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by Jason Tyro - GUI Computing
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Here is a neat and simple form design initially developed for a system that required a neat and simple user interface.

The primary concern was the low computer literacy of the potential users, so forms with minimal controls and big self-descriptive buttons were a must. Also, as users would be clicking between screens, we didn't want multiple documents open all over the screen as this would become increasingly distressing to all concerned. No menu bar would be required, just big, bold buttons allowing the user to enter and retrieve data from a variety of screens.

We could have used the TAB control to display the separate screens, however the users really were low in skills (and would remain that way) and all those controls on a series of Tabs sounded like a recipe for all sorts of resource and development issues.

The obvious answer was an Outlook-style interface, but we really needed each panel to be able to be worked on and loaded separately.

Well, after what was probably several minutes of brainstorming, the great Jim Karabatsos came up with a gem of a user interface which not only is a complete solution to the described problem, but is a piece of cake to implement. Bizarrely, the resulting approach ends up working like subforms do in MS Access - back to the future?

Step 1.

Create the Parent Form (frmMain)
 

Paste in this code

Option Explicit

Const BUTTONS = 3 'Number of buttons and forms
Dim F(1 To BUTTONS) As New frmClient
Dim CurrentForm As Integer


Private Sub MDIForm_Load()
  'Set up main form and load OutlookBar form
  Load frmOutlookBar 'This will be a form that sits on the side on the Parent 
  frmOutlookBar.Width = frmOutlookBar.cmdMain(1).Width _
                        + 2 * frmOutlookBar.cmdMain(1).Left 
          + Screen.TwipsPerPixelX   'Set the width of the Outlook bar form
  Dim I As Integer
  For I = 1 To BUTTONS  'Load all 3 Forms
     F(I).Visible = False
     F(I).lblID.Caption = "This is form " & Format$(I)   'Set caption on label
  Next I
  RequestResize   'Resize form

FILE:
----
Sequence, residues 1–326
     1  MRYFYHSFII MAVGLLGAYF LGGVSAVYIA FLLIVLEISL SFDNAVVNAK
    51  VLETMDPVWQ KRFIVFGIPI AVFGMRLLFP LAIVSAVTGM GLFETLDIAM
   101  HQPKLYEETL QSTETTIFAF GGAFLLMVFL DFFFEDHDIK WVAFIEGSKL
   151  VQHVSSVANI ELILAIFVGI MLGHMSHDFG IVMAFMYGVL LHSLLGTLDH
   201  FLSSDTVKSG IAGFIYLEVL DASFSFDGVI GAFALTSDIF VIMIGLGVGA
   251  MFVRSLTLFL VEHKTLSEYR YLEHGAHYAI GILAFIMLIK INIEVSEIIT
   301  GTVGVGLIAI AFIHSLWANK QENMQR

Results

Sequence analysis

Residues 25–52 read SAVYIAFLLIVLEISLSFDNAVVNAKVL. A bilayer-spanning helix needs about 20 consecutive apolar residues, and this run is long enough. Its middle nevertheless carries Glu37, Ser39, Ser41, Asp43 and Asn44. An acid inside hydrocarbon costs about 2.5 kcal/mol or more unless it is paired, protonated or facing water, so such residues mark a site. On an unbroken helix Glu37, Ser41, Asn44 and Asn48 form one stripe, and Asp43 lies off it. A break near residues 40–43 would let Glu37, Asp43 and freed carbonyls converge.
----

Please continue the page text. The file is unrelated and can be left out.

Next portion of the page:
NotifyClick 1   'Initialize with first form
  
End Sub

Private Sub MDIForm_Resize()
  'Resize stuff, OutlookBar form is scaled to Parent form
  Dim T As Single, L As Single, W As Single, H As Single
  H = Me.ScaleHeight
  T = 0
  L = frmOutlookBar.Width
  W = Me.ScaleWidth - L
  If H < 0 Then H = 0
  If W < 0 Then W = 0
  Dim I As Integer
  For I = 1 To 3
     F(I).Move L, T, W, H  'Scale client forms to new Parent size
  Next I
  frmOutlookBar.Height = H
  
End Sub

Public Sub RequestResize(Optional Sender As Object)
    MDIForm_Resize
End Sub

Public Sub NotifyClick(ByVal nButton As Integer)
   'Click event that displays the required form
   If CurrentForm > 0 Then
     F(CurrentForm).Hide   'Hide currently displayed form
   End If
   CurrentForm = nButton   'Select form depending on button index
   F(CurrentForm).Show     'Show selected form

End Sub

Step 2.

Create the Outlook style form (frmOutlookBar)
 

The command buttons are a control array called cmdMain.

Of course there's nothing stopping you from using other types of controls to select between the forms.

For a proper Outlook 'look' GreenTree's GTGrouplist (part of their Active ToolBox, reviewed last issue) is probably the neatest solution going around at the moment.

But for now, buttons will do.

Paste in this code

Option Explicit

Private Sub cmdMain_Click(Index As Integer)
  'Call NotifyClick event in the parent form
  frmMain.NotifyClick Index
End Sub

Step 3.

Create the Client form that form the basis of the array declared in the Parent form (frmClient)

This form has no code behind it and contains nothing but a label control whose name is 'lblID'. This label is only there to show which form you have currently displayed.
 

That's it! The result for all this hard work should look like...
 

Of course to be of any use to anyone the client forms should all be different and not the same with a differing label!

A rather neat idea for a user interface methinks.



Written by: Jason Tyro
April '97

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